Plant an expectation, reap a disappointment

I read this quote in Elizabeth Gilbert’s Committed – A Sceptic Makes Peace with Marriage’.

She talks about this in connection with the Hmong(a tribe in Vietnam)’s view towards marriage. She talks about societies where people matter based on their ‘role’ rather than for what they are. As in, based on their contribution to society, rather than as an individual. The collective society versus Individualistic society argument.

Gilbert goes to Vietnam and meets some Hmong people, an ethnic minority there, and asks them about what marriage means to them. The above mentioned quote was the essence of what makes marriages work for them.

Gilbert goes on to say that while this makes perfect sense, it is not easy for a person of her generation who has grown up believing that she has the right to complete happiness to suddenly change that mindset and start believing that being unhappy is alright and acceptable. She questions whether it is wrong to expect happiness. Is it wrong to have expectations from something as important as one’s marriage?

This concept of having no expectations was probably the basis of marriages in almost every part of the world, just a few decades ago, wasn’t it? After all, in India, we still believe  in it quite a bit, don’t we? While the ‘no expectations’ bit is a bit more relevant for women, the men are in no way unaffected. While they may have expectations of their wives, more often than not, these expectations are their’s parents'(and the society’s) expectations of the new daughter-in-law rather than the man’s own personal expectations(although that might be there too). Have we all not heard derogatory remarks made about a man, if he is a solicitous of his wife’s comfort. In a traditional, joint family environment, this is the expectation that he inherits, rather than what he might have had of his marriage if he had not been shackled by the environment that he grew up in. Or had he the freedom to approach the marriage based on what he, as an individual wanted out of his marriage.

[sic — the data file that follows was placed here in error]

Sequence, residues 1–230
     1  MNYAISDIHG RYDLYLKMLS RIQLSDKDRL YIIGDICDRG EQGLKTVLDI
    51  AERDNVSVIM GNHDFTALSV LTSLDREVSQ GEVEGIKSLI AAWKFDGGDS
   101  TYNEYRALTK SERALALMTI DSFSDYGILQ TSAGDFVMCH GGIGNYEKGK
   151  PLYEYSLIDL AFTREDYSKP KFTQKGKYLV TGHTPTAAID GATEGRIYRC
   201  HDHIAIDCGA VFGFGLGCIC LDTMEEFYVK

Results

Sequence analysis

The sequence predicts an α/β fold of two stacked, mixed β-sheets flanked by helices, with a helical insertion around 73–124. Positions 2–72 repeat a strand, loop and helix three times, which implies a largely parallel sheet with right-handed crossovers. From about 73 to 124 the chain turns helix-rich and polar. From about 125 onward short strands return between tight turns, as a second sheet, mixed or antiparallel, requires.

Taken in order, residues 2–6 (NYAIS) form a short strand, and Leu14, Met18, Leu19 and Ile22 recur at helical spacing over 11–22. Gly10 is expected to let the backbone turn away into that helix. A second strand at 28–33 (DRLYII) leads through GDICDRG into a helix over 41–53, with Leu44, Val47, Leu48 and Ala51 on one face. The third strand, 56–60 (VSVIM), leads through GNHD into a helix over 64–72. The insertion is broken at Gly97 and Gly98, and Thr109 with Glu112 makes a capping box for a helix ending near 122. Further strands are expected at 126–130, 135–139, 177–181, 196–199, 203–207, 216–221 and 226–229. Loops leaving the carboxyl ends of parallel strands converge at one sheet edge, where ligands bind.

Just as Elizabeth Gilbert finds it difficult to settle for anything less than ‘complete happiness’, someone brought up in an environment where all the women are seen giving up their aspirations, being submissive, and non-assertive would find it just as difficult to ‘expect’ anything more than what she gets out of her marriage.

I guess, this form of marriage worked at a time when both the parties felt that this was the only option. The moment, marriage became more about the individuals, instead of ‘convenience’, be it convenience for the extended family or the individuals themselves, expectations start to build. I think, when the marriage is primarily of convenience, expectations are low, so maybe, the disappointments are low as well. While in a situation where both partners are in it with their own expectations, there might be more disappointments when things don’t go as per plan.

With that as the background, I think it makes sense to me why marriages in the earlier times did not break up as much as they do now. That and the fact that men and women had their roles chalked out. So very few women actually got independent (financially) enough to have the confidence of walking out of an unhappy marriage. And again, how many people voiced their unhappiness, if it were considered frivolous to have such expectations from a marriage?